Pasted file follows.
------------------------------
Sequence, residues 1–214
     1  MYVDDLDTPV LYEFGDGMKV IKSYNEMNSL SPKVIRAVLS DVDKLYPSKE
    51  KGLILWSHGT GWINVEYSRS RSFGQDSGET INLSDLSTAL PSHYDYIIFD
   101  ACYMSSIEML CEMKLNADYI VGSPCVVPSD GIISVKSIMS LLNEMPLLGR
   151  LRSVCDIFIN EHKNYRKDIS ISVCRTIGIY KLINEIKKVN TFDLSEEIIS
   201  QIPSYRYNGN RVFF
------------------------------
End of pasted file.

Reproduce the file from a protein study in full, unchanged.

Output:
Sequence, residues 1–214
     1  MYVDDLDTPV LYEFGDGMKV IKSYNEMNSL SPKVIRAVLS DVDKLYPSKE
    51  KGLILWSHGT GWINVEYSRS RSFGQDSGET INLSDLSTAL PSHYDYIIFD
   101  ACYMSSIEML CEMKLNADYI VGSPCVVPSD GIISVKSIMS LLNEMPLLGR
   151  LRSVCDIFIN EHKNYRKDIS ISVCRTIGIY KLINEIKKVN TFDLSEEIIS
   201  QIPSYRYNGN RVFF